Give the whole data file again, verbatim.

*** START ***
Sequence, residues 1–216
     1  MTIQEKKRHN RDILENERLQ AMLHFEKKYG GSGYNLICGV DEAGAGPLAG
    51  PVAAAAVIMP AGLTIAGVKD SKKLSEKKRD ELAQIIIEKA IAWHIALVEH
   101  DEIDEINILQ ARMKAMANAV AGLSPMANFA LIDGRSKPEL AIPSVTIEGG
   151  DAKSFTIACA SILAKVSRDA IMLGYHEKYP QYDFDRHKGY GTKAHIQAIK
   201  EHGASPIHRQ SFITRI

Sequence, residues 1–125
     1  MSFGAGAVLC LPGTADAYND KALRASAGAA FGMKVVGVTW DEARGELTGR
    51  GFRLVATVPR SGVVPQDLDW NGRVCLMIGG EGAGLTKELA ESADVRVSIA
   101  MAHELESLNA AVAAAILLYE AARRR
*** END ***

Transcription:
Sequence, residues 1–216
     1  MTIQEKKRHN RDILENERLQ AMLHFEKKYG GSGYNLICGV DEAGAGPLAG
    51  PVAAAAVIMP AGLTIAGVKD SKKLSEKKRD ELAQIIIEKA IAWHIALVEH
   101  DEIDEINILQ ARMKAMANAV AGLSPMANFA LIDGRSKPEL AIPSVTIEGG
   151  DAKSFTIACA SILAKVSRDA IMLGYHEKYP QYDFDRHKGY GTKAHIQAIK
   201  EHGASPIHRQ SFITRI

Sequence, residues 1–125
     1  MSFGAGAVLC LPGTADAYND KALRASAGAA FGMKVVGVTW DEARGELTGR
    51  GFRLVATVPR SGVVPQDLDW NGRVCLMIGG EGAGLTKELA ESADVRVSIA
   101  MAHELESLNA AVAAAILLYE AARRR